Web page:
Leading article: Teachers are right... class sizes matter

Share
Related Topics

The mood of militancy emanating from the National Union of Teachers' conference this Easter means that schools in England and Wales may face the first national teachers' strike for 22 years. So what's new, you might ask. There are often strike calls at teachers' conferences that never come to anything. This year, though, the mood is different, and the militancy comes from the top, not from rank and file activists trying to overturn more moderate leadership.

There are two issues driving the calls for industrial action – pay and class sizes. On both, the Government can fairly claim to have improved the situation in its early years. But on both they can now be accused of backsliding.

Pay is the most immediate issue with a one-day national stoppage planned for next month, followed by a rolling programme of further action through the summer. Teachers argue that the profession is again facing difficulties retaining staff, with half of all new recruits leaving after three years.

But it is on class sizes that the union detects that ministerial good intentions have gone into reverse. One of Tony Blair's five key promises (indeed, his only education promise among them) was a legal limit of 30 on class sizes for five to seven-year-olds. He delivered that ahead of time, but there was a widespread assumption that it would be just the first step towards smaller classes throughout the system. Teachers, and many parents, were happy that the Government seemed to share their view that small classes were a good thing in themselves.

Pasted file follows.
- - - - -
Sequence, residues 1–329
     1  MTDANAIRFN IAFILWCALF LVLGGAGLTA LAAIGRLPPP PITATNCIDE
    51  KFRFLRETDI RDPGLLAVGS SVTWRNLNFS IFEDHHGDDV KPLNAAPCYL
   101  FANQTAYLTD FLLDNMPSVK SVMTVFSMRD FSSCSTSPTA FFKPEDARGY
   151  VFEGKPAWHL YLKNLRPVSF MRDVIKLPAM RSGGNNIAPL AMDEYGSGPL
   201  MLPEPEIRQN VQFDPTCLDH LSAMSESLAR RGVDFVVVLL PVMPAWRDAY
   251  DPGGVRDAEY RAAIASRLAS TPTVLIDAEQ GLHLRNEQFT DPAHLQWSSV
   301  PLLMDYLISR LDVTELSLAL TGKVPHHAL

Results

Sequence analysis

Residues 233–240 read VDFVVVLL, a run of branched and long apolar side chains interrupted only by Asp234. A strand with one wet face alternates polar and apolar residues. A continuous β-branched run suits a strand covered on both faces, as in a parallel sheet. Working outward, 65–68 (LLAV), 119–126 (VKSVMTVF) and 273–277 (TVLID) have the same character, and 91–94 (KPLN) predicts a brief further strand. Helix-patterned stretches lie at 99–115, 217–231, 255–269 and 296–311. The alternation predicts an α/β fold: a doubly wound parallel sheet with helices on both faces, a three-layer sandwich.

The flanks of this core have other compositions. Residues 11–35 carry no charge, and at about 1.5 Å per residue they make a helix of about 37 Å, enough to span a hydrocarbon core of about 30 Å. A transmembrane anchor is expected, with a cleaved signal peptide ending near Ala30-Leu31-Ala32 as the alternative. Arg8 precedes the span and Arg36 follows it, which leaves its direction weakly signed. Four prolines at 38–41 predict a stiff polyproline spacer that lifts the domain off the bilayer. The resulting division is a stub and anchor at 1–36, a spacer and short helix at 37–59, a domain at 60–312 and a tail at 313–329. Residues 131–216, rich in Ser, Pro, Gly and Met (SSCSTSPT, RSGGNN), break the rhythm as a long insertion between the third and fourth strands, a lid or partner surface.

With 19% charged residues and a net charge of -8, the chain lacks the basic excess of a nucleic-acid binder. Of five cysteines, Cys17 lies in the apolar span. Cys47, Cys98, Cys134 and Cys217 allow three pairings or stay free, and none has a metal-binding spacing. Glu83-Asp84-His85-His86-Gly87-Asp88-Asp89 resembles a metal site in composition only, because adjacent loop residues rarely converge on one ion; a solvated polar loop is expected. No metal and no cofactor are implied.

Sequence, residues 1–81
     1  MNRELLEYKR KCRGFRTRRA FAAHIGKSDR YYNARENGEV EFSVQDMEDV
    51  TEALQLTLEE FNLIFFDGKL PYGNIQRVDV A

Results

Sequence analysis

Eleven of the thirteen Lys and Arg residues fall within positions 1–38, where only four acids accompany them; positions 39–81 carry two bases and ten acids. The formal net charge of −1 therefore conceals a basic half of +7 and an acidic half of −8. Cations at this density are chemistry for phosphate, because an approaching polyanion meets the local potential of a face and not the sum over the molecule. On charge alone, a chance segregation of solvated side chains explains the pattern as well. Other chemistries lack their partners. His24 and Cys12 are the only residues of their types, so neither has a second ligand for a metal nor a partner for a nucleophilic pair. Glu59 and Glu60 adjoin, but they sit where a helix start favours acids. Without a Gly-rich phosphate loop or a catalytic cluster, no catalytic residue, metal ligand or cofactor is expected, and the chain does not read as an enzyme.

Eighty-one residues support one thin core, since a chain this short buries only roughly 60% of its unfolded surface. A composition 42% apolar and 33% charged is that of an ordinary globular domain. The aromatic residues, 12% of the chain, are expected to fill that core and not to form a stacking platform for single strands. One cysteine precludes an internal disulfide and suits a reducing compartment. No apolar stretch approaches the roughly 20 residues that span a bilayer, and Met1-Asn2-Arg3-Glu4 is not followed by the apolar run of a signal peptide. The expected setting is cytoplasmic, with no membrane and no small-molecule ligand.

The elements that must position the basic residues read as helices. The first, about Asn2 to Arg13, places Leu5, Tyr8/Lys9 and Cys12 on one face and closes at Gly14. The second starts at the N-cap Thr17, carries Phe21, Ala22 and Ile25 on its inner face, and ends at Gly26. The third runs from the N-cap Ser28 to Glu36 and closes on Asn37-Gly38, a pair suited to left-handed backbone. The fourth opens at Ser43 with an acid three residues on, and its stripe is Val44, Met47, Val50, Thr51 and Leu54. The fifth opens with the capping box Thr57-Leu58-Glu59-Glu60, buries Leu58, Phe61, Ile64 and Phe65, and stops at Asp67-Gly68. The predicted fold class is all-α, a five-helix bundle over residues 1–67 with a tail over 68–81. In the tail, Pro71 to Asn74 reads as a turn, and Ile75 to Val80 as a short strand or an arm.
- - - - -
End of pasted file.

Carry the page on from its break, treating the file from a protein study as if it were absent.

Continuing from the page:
Quite soon, though, it became clear there would be no further effort to reduce class numbers. One reason was apparently research (from the United States) which showed that only a major reduction – say, from 25 to 15 – would significantly affect standards. And this, it was argued behind the scenes, would be too expensive. Classes in state primary schools now average 26, compared with 10.7 in the independent sector.

It seems self evident that many parents go private because each child is likely to receive more attention. The United Kingdom has some of the largest primary classes in the western world. More worrying, though, is that ministers' language on class sizes has changed. They no longer talk of pupil/teacher ratios, but of adult/teacher ratios – counting teachers and classroom assistants in the same way.

There can be no doubt that the army of classroom assistants recruited by Labour has been of great help to teachers – relieving them of tasks that they should not have been saddled with. The teachers' unions, however, argued from the start that they would be used as "cheap labour" to replace more expensive teachers. Eleven years on, their worst suspicions may be on the way to being confirmed.

React Now

Latest stories from i100
iJobs Job Widget
iJobs General

Ashdown Group: Marketing & Sales Manager

£40000 per annum: Ashdown Group: A reputable organisation within the leisure i...

Tradewind Recruitment: Science Teacher

£90 - £140 per day: Tradewind Recruitment: I am currently working in partnersh...

Recruitment Genius: Doctors - Dubai - High "Tax Free" Earnings

£96000 - £200000 per annum: Recruitment Genius: Looking for a better earning p...

Recruitment Genius: PHP Developer

£32000 - £36000 per annum: Recruitment Genius: A rapidly expanding company in ...

Day In a Page

Read Next
British Prime Minister Tony Blair (L) pictured shaking hands with Libyan leader Colonel Moamer Kadhafi on 25 March 2004.  

There's nothing wrong with Labour’s modernisers except how outdated they look

Mark Steel